UPDATED, 12:33 p.m.: Some readers have responded with details on the rate increase. See below in bold.
The letters announcing price hikes for 2010 began arriving this week, Time Warner Cable has confirmed. But not all customers in the Orange County and Southern California region will see a higher bill in January.
Company spokesman Darryl Ryan said that he can’t easily categorize the average increase since every bill will be different. Many customers won’t see any increase at all if they are in a promotion. These customers won’t see rates rise until their existing promotions are over.
One way to avoid a rate hike is to call Time Warner and commit to a one or two-year plan, he said. Called the Price Lock Guarantee, Time Warner began offering long-term commitment deals earlier this year, a tactic that the satellite and Internet TV companies have been offering for years.
Right now, Time Warner’s best offer for TV, phone and 15 Mbps Internet service is $109.99 a month with a one-year commitment. Otherwise, it’s $10 more per month. If you commit to two years, the price drops to $104.99 per month. More details HERE.
UPDATE, 12:33 p.m.: Thanks to readers who have shared details on the rate increase.
The price hike should be no surprise. Every TV service seems to tell customers in December that they will be paying more in the new year. But a big reason why prices continue to increase is because the TV channels ask for more money, also called carriage fees, from every TV company that offers those channels. Cable, Internet and satellite TV services all face rising fees.
Remember last New Year’s Eve? Time Warner customers almost lost access to Comedy Central, Nickelodeon and MTV because the channels’ parent Viacom wanted Time Warner to pay more money per subscriber. It amounted to an extra $39 million for the year, which was on top of a much larger fee Time Warner already paid Viacom. The two resolved their issues just before midnight.
This year, Time Warner reported that fees to TV channels were up 6 percent from a year earlier to $1 billion during the third quarter. For the first 9 months this year, Time Warner paid $3 billion in these fees, up 7 percent from a year earlier. (Added this graph for more context at 10:25 a.m.)
Last month, Time Warner did something novel: It decided to publicize the tactics of the TV networks. Within two weeks, nearly 400,000 people told Time Warner to get tough and put a stop to rising fees even if it means fewer channels (read earlier story: “400,000 consumers tell Time Warner to stop price hikes“).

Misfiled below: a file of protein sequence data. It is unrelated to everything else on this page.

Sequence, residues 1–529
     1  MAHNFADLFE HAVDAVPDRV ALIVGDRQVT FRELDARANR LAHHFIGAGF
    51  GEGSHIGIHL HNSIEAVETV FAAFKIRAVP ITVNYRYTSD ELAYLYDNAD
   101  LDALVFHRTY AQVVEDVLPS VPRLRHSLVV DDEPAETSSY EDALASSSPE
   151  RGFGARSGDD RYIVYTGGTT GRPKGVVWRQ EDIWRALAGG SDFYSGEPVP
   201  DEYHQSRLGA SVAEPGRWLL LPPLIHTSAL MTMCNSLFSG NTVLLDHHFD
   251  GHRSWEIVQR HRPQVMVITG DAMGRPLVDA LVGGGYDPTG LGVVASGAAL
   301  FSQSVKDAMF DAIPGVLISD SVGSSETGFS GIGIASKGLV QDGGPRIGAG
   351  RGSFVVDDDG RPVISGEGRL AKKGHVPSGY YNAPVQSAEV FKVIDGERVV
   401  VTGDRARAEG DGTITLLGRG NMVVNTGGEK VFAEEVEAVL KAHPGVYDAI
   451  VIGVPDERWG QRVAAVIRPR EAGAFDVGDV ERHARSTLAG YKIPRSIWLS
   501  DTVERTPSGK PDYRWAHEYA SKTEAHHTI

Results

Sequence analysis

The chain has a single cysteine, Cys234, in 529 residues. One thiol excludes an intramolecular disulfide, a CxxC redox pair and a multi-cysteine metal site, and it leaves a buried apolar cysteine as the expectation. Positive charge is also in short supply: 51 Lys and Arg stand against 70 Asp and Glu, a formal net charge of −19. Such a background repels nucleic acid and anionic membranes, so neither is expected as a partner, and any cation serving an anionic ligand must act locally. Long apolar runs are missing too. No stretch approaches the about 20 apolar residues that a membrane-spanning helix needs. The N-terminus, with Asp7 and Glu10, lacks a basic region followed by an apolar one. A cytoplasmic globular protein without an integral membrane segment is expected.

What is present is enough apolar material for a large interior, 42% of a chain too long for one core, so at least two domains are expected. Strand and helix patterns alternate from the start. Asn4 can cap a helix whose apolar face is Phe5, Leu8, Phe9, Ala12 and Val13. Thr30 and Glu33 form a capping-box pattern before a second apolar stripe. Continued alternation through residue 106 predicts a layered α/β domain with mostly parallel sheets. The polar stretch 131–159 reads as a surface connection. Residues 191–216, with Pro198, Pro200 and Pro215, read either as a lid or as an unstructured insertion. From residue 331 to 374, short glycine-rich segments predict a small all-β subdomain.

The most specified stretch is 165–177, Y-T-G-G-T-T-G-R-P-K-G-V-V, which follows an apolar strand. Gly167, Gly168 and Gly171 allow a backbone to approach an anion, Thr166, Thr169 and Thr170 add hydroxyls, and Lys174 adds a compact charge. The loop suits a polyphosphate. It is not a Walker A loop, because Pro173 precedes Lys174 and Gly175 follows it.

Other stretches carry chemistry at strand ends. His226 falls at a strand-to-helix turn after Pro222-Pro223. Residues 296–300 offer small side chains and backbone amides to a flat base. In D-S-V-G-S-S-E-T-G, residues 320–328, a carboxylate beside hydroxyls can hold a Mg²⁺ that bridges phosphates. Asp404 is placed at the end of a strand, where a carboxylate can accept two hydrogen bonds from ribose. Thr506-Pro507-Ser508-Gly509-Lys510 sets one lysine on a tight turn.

And company chief executive Glenn Britt sounds like he’s ready to fight the constant price increases. He said, “Our customers clearly agree that the current programming business model is broken. One comment we’re hearing pretty consistently is that customers would like the choice to buy smaller packages of channels. As an industry, we need to listen to those kinds of concerns.”
Apparently, the campaign was too late to have an effect on next year’s billing.
The pro-family TV organization Parents Television Council called the marketing campaign “self serving,” said Tim Winter, the organization’s president.
“Whenever a distributor or cable company gets into the carriage fee argument, they resort to getting consumers involved. At the end of the day, it’s just posturing and trying to squeeze a few pennies in the contract,” said Tim Winter, the organization’s president. Parents Television Council advocates for a la carte TV, which would let customers pay only for the TV channels they watch.
It runs the HowCableShouldBe.com Web site, which offers a nifty chart detailing how much the average consumer pays monthly to get ESPN ($3.80), the Disney Channel ($0.95) and several other channels. The information is two years old and prices are probably higher by now, Winters said.
“Let consumers pick and choose networks they want. What will happen is the best products will have the most demand,” Winters said. ”Customers would have the ability to say, ‘Is Nickelodeon worth $5 to me?’”
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